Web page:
If anything, the Taiwan-China standoff is even more dangerous because of the long record of so-called world altering threats from Asia reaching back to the open door and the end of the 19th century and the scarcely examined love-hate relationship between the U.S. and China.  The danger is all the greater because the Washington foreign policy community seems blithe to accept the idea that the United States should continue honoring its Cold War-era commitment to defend the island of Formosa as if the events of 1949-1958 there lay only a few months in the past.  Take the "accepted wisdom"  (punctuated by frequent U.S. Navy patrols in the Taiwan Strait) in combination with China’s repeated military probing of Taiwan’s air- and sea boundaries https://www.scmp.com/news/china/diplomacy/article/3129036/us-china-relations-military-tensions-continue-rise-over-taiwan  and you have a situation that is ripe for wider escalation and war – a war for which we remain woefully unprepared and cannot win in any circumstance.

Like the situation with Afghanistan and Iran, it is hard to envision any situation in which the United States could achieve a “victory” in any war involving China.  Japan was the last country to try such a strategy in the years from the late 1890s until the 1940s – another version of a “forever war” that ended in the atomic bombing of Japanese cities after a slaughter of such monumental proportions in the years from 1931 until 1945 and onward that its poorly recalled place in American memory is all that more damning.

Last but not least is the prospect of further Russian aggression in Europe as part of Putin’s grand slam to regain the lost Russian role in Europe and the world that vanished in 1991:  that is the irregular and regular military threats to the fate of Ukraine, Georgia, the Baltic states and Belarus.   Having waited patiently for the faltering of American and European will circa 2008, to say nothing of the Trump Administration’s sabotage of the American-NATO partnership, Russia under an ever more dictatorial Putin appears intent on shaking up the weakened Western alliance through propaganda, subterfuge, extortion, political murder and the use of military force of significant fighting power across the spectrum of conflict.  Surely the United States is already in low-level conflict with Russia in such places as Ukraine, Syria, and the Baltics.  The U.S. position on aiding Ukraine in its ongoing war against Russia requires a kind of strategic threading of a very delicate needle in supporting a notional pro-Western state while not antagonizing Russia, whose army sits on Ukraine’s doorstep.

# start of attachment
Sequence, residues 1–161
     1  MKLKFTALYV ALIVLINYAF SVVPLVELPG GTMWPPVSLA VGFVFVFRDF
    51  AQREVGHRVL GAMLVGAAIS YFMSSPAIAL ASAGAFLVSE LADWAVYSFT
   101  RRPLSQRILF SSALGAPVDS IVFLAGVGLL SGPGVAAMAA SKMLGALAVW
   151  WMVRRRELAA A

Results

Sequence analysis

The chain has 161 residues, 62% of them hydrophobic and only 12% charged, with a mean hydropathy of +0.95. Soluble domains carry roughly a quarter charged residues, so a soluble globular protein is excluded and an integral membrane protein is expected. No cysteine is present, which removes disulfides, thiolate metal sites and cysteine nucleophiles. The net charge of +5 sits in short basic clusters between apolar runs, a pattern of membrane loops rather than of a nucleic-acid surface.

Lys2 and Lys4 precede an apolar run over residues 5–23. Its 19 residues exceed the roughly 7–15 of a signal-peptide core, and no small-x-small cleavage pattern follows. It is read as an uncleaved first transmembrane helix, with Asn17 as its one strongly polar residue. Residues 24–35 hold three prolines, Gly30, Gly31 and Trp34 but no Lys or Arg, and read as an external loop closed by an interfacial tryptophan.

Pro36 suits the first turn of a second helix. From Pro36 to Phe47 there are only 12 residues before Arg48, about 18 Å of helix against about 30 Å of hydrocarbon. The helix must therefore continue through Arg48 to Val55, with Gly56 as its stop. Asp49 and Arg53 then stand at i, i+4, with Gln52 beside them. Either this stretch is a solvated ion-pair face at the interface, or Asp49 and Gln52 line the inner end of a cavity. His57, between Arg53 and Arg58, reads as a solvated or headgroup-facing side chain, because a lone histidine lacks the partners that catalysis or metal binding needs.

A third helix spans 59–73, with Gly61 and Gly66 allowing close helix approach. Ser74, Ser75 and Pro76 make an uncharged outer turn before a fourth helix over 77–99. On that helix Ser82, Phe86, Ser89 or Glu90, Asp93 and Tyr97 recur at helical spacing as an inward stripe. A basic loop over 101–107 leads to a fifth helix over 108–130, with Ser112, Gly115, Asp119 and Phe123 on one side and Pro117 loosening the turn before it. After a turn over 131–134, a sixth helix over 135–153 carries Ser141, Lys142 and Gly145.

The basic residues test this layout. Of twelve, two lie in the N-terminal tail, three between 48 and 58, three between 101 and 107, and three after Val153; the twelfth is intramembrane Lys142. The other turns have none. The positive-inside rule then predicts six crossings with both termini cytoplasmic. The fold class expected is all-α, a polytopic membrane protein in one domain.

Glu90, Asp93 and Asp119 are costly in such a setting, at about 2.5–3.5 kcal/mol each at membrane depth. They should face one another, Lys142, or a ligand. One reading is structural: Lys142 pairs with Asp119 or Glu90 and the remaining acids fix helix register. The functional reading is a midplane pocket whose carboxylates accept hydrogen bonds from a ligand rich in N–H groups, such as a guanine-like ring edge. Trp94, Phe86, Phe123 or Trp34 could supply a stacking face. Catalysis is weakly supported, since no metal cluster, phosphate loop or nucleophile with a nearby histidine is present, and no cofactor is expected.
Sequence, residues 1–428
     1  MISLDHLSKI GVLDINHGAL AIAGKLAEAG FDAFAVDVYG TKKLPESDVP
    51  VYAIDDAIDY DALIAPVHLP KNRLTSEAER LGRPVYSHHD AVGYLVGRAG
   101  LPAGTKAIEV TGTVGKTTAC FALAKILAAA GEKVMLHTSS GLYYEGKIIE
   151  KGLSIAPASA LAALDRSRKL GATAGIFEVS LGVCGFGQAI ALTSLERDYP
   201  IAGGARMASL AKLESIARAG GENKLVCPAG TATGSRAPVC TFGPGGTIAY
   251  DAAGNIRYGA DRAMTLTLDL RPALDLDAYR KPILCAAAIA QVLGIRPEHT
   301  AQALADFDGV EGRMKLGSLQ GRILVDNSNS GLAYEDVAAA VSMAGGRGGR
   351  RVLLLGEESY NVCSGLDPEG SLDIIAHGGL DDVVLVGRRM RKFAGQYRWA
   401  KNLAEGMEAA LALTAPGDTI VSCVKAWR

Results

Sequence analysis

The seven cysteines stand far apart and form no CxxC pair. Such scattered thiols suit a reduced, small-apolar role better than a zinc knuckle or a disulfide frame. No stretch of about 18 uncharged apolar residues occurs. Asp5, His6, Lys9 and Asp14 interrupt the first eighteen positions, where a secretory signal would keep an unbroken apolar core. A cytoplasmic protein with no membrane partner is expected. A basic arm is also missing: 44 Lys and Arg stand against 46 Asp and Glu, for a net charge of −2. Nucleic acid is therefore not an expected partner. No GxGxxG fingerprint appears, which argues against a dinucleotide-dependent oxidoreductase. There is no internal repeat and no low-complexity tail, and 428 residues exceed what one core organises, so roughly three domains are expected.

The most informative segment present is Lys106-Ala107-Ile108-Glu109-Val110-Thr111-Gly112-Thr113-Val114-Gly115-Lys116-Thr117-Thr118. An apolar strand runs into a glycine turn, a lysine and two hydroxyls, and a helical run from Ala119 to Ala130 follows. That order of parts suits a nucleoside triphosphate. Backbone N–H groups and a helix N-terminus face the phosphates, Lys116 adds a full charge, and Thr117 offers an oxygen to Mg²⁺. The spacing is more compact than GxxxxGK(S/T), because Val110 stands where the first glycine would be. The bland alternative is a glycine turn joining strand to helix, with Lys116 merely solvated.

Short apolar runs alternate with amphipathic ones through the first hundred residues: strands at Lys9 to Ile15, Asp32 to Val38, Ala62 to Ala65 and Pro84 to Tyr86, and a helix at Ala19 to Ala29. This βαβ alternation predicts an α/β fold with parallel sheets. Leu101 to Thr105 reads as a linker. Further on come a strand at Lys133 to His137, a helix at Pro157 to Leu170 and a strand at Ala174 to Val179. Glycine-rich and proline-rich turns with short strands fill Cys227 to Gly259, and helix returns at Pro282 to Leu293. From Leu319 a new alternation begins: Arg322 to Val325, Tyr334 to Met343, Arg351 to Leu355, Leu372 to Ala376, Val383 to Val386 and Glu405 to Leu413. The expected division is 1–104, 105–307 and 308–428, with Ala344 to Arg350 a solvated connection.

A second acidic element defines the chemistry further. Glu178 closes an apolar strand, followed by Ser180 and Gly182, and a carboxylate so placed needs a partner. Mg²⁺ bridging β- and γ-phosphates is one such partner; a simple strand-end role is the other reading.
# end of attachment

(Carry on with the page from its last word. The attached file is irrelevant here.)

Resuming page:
Like the previous two scenarios, however, it is difficult to envision what “victory” in a war against Russia would look like without the classic prospect of an escalation of such conflict to a realm of violence, anger, and hatred that would escape sensible ends of policy.

All three scenarios point to a prospect of open-ended and perhaps unwinnable wars that potentially would be much more dangerous and destructive than Afghanistan or Iraq.  The American people should take a page from the past (say in the late 1970s) in such instances as after other major wars when the public mind was more alert and undertake a measuring of ends and means in statecraft to assure a more successful policy in the future.

At this juncture, the lack of reflection about the means and ends of so-called "forever wars" augurs poorly for the capacity of this nation to avoid an even worse trap in the years or even months to come.

Clausewitz might wish us to return to his enunciated basics of strategy to clarify our interests and objectives and carefully think about those which are worth fighting for.   Surely more unwinnable “forever wars” would not withstand the rigor of this most basic criterion.


James A. Russell serves as Associate Professor in the Department of National Security Affairs at NPS, where he is teaching courses on U.S. foreign policy in the Middle East, military innovation, and national security strategy. His articles and commentaries have appeared in a wide variety of media and scholarly outlets around the world.

The views expressed in this article are the author's own and do not represent the U.S. Government or the Naval Postgraduate School.